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The Compassion Corps

This article originally appeared in the January/February 2020 issue.


Most people know of the Travellers’ Aid Society by the publicised benefits accruing to members, and perhaps by their selectivity for membership – the million-credit application (not admission – they can reject an applicant, and they keep the million) fee, the access to high-class accommodations, the free passages, the tourism services, and so on.

The TAS does not publicise their involvement with the well-known charitable medical and educational services organization Compassion Corps.

The Compassion Corps acts principally to provide medical services to worlds whose infrastructure is unable to support a complex medical establishment. This is primarily through their two main arms, the Interstellar Free Healers Society, and Starships of Succor.

Starships of Succor

Starships of Succor operate a number of specially-equipped hospital starships (some may be decommissioned from stellar naval forces) which travel to various low-population and poor worlds (especially those that are also low-technology), where they stay for a period of time to provide high-grade hospital treatments – especially surgeries – that the world is not equipped for. Before a visit by a hospital ship, an evaluation mission is sent, to determine the level of need, and get a good view of what services will be most required. When the hospital ship visits, it will stay for up to a year, depending on need. Ships generally stay within a half-sector or so of a ‘base world’ where the ships can get overhauls and resupply; there are generally no more than two or three Starships of Succor hospital ships in a sector-sized area. Services are free to the patients, though voluntary payments are not refused, and are used to defray operational costs.

A world that normally wouldn’t meet the criteria for a visit may request one; an evaluation team will be sent out, but the evaluation and negotiation for the visit will also include an explicit requirement of payment by the world’s government to the organization. Such payments are set on the basis of ability to pay, and must be remitted upon commitment to visit. The evaluation team cannot commit a ship to visit; they can only submit their findings and agreements for final approval. A world that requests a visit but is evaluated as not a viable candidate for such a visit may instead be approved for visits by non-hospital ships operated by the IFHS (q.v. below).

Starships of Succor also operates some non-hospital ships; these ships are often activated in response to planetary-scale disasters requiring off-world response. While they can provide medical services, their primary purpose is to provide support for reconstruction of medical infrastructure, ranging from providing prefabricated and prefueled power plants for extant hospitals to ‘building’ hospitals from preconfigured 40-ton cutter-compatible modules. They are also available to be used as ‘test beds’ for Ministry of Colonization designs for other infrastructure prefabrication; as such, these ships often provide infrastructure support and reconstruction beyond medical needs (but availability of such support should not be assumed). They also, incidentally, produce a fairly large number of well-trained people who end up working for the Travellers’ Aid Society, effectively making Starships of Succor something of a sub rosa recruiting organization for TAS.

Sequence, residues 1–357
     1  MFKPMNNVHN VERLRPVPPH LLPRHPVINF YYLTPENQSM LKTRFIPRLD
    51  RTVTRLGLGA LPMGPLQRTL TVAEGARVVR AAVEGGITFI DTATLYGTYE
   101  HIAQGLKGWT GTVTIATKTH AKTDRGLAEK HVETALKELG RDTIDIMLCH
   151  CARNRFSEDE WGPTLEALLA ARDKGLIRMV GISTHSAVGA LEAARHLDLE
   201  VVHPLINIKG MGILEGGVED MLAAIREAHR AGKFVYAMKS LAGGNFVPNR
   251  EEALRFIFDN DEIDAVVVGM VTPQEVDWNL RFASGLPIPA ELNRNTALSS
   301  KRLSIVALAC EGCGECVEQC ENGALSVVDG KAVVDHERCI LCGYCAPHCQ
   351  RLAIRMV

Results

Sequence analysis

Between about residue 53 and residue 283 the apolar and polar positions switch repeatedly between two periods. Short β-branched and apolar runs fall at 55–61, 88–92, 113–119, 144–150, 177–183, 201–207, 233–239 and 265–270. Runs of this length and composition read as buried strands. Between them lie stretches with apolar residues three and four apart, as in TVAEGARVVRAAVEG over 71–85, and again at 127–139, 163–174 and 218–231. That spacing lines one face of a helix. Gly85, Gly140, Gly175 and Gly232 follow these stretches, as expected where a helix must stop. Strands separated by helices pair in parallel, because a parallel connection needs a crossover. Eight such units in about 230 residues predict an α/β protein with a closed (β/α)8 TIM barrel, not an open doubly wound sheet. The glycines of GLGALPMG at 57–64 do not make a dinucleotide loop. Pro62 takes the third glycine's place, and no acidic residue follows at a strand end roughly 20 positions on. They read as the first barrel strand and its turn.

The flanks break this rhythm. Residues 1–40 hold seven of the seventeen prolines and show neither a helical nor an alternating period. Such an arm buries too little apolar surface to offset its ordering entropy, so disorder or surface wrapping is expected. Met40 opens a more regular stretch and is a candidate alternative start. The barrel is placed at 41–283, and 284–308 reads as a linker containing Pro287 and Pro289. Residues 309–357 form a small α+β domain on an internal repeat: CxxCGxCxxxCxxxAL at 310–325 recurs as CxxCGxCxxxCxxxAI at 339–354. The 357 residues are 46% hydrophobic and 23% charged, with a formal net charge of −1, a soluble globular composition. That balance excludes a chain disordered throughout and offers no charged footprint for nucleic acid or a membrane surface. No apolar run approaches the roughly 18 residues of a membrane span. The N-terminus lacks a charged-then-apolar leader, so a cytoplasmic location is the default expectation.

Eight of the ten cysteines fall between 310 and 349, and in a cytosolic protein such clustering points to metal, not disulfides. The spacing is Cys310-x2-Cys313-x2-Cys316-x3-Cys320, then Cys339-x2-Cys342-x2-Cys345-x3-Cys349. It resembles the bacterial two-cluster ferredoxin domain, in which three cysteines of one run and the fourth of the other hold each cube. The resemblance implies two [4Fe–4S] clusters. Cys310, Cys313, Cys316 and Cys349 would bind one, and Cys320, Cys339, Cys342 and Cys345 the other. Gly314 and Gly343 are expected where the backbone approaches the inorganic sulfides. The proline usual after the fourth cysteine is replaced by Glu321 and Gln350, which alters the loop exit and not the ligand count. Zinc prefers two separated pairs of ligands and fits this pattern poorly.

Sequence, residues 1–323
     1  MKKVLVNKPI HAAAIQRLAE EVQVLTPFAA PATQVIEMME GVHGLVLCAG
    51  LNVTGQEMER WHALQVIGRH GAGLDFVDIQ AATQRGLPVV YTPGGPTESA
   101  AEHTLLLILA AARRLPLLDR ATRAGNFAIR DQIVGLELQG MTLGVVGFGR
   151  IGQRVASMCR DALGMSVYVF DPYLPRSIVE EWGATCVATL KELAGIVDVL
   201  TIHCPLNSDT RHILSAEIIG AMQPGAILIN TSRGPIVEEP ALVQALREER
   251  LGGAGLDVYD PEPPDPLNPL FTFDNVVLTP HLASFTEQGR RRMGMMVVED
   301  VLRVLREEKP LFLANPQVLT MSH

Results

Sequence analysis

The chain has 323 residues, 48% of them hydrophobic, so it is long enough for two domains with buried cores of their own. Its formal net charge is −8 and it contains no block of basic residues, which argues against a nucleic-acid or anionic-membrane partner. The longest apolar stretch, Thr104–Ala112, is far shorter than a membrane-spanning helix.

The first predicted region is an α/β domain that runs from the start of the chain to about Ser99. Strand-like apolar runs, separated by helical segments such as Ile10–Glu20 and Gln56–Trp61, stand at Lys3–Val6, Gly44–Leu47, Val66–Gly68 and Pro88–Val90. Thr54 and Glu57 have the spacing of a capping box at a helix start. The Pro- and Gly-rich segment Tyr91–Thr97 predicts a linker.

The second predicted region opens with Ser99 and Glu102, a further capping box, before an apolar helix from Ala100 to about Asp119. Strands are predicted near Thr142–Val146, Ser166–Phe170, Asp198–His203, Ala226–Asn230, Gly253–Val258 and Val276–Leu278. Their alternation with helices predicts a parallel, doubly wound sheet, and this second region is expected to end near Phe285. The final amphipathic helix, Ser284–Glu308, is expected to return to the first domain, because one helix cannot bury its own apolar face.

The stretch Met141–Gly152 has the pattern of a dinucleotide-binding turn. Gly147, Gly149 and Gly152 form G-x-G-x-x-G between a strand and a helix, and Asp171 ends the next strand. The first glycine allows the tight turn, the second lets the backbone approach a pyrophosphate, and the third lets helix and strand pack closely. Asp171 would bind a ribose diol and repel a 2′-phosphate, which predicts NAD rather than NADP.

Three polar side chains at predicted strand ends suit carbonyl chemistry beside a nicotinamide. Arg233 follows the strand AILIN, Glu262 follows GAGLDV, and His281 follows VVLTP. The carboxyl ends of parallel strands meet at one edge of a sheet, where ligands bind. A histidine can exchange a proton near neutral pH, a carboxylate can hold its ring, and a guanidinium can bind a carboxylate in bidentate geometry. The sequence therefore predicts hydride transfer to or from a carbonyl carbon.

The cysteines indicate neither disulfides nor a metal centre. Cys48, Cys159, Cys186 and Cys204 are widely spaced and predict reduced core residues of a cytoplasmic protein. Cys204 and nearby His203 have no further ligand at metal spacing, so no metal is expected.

Interstellar Free Healers’ Society

IFHS is an organization of medical personnel who go where doctors are needed. IFHS doctors are part of the Starships of Succor evaluation teams, and when a Starship of Succor visits a world, there are usually several teams of IFHS medical personnel who will go out to various parts of the world, and take care of medical procedures and treatments that don’t require hospitalization. They’ll also do what they can to teach locals how to treat what they can with what’s available, and IFHS teams will often include infrastructure experts to teach the locals how they can bootstrap their medical infrastructure, while staying within possible cultural strictures. If there is an indigenous response organization, IFHS will work with that organization and let it lead in any response, while providing personnel and expertise where it is lacking in such response, and in general making an effort to ‘build up’ the indigenous organization, both in terms of capability and in terms of public perception in the response area.